Nightcrawler Movie Review

“What if my problem wasn’t that I don’t understand people, but that I don’t like them?”

So says Lou Bloom (Jake Gyllenhaal), our central character in Dan Gilroy’s Nightcrawler who barely leaves the screen during the film’s running time and probably won’t escape your mind for some time either. When we first meet Lou, he’s a common thief stealing scrap metal who makes what he believes are captivating attempts at obtaining employment. We immediately notice that Lou has no social skills whatsoever. He doesn’t know how to relate to people. All he knows is how to negotiate but he hasn’t found a field in which his negotiations bear fruit.

This changes when Lou happens upon a crime scene and figures out that Los Angeles TV news stations will pay handsomely for gruesome footage. “If it bleeds, it leads” he’s told by another “nightcrawler” played by Bill Paxton . Lou believes he’s found his calling and soon his explicit videos of horrific offenses are airing at 6AM and 11PM by the lowest rated Southern California affiliate. Their news director Nina (Rene Russo) recognizes Lou’s value in increasing ratings. And Lou knows his worth and uses his leverage to bargain with her – not just for gainful employment but for everything he wants from her. This is done in a pitch black comedic restaurant “date” with Nina in which he makes his wishes explicitly clear.

Lou also hires assistant Rick (Riz Ahmed) and he suffers the endless banterings of a boss who is forever conducting a verbal performance review of his employee. Their interaction veers between hilarious (in a very dark way) and chilling (in a very real way). Our central character doesn’t like people in a manner that’s somewhat reminiscent of Daniel Plainview in There Will Be Blood. Everything is negotiable to Lou and as amazingly awkward as he is, his objectives are usually met. This extends to his filming work and if the photos of a slain family member aren’t close enough to the bullet holes lodged in the fridge, there’s a way to fix that.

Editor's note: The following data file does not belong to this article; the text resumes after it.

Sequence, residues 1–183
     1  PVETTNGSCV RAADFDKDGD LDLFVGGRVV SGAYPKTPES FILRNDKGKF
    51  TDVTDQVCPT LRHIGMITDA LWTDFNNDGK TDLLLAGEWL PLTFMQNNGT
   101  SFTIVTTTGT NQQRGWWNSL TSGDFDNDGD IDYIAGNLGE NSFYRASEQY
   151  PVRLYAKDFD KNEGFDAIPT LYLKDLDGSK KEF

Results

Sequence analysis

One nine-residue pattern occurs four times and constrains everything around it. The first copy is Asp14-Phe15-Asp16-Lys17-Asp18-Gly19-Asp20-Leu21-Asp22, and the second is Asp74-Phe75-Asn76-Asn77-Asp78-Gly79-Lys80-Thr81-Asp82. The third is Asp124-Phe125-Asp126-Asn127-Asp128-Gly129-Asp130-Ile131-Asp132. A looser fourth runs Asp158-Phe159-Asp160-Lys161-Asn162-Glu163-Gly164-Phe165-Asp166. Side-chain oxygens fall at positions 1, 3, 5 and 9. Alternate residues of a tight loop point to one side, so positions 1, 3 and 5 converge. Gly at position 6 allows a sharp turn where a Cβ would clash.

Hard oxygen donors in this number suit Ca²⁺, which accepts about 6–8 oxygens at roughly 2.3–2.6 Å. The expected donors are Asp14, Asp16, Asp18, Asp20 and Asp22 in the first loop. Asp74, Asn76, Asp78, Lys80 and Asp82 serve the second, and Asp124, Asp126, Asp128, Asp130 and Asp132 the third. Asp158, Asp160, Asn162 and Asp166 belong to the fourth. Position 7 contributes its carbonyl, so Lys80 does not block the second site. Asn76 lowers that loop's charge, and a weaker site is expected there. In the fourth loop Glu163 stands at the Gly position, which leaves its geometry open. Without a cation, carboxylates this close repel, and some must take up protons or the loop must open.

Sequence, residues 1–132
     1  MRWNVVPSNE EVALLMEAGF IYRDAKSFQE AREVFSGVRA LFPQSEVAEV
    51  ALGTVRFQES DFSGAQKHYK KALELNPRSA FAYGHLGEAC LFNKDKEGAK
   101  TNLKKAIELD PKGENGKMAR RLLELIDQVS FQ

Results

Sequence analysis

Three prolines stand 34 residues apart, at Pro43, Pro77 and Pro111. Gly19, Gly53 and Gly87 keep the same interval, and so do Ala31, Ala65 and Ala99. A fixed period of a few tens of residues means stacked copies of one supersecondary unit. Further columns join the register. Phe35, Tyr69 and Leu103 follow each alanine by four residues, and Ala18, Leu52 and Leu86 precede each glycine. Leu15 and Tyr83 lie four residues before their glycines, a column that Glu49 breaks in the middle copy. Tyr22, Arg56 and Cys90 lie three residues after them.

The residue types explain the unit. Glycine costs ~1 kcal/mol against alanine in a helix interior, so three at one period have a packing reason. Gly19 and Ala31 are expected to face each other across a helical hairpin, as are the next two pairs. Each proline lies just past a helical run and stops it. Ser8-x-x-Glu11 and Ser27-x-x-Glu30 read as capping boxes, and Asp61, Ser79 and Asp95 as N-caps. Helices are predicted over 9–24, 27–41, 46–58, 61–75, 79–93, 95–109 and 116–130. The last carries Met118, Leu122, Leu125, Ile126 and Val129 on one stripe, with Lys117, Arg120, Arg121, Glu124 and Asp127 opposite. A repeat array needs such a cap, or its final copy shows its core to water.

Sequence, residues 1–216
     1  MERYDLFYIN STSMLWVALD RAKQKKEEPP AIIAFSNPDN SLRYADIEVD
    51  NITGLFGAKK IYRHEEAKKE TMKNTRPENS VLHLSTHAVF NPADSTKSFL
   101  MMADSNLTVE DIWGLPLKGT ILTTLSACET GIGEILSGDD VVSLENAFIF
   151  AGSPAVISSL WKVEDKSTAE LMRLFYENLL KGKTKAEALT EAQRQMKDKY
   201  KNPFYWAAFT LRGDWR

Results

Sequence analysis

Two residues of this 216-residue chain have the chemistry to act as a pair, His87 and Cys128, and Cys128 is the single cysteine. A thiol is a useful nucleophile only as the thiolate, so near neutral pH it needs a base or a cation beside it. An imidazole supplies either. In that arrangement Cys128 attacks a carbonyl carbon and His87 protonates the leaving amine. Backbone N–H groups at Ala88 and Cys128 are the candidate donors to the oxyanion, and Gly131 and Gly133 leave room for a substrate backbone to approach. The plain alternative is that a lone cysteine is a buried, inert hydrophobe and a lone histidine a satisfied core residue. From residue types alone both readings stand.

For the better part of this decade, Gyllenhaal has made one solid choice after another from Source Code to End of Watch to Prisoners. This is the pinnacle so far. With director Gilroy’s screenplay giving him a truly unique and endlessly fascinating character to work with, Gyllenhaal nails his quirky and creepy role. Russo gets her juiciest part in years as the producer who will go to the same lengths as Lou to ensure success. Ahmed is the most sympathetic person here (it’s not saying much) and he sees his demented mentor much like the audience does.

Nightcrawler effortlessly manages charcoal colored comedy with a heightened sense of tension. A major accomplishment indeed. The screenplay has plenty to hint at regarding the public’s insatiable need for the most violent news stories while we are eating breakfast or ready to turn in for the night. Lou Bloom realizes it and knows how to profit from it. He figures a way to achieve his sick dreams. Our brilliantly realized title character with a career best performance from Gyllenhaal gets it right with that opening quote. He doesn’t really like people. And while the characters he speaks with in Nightcrawler thinks he doesn’t understand them, maybe he does all too well.

**** (out of four)

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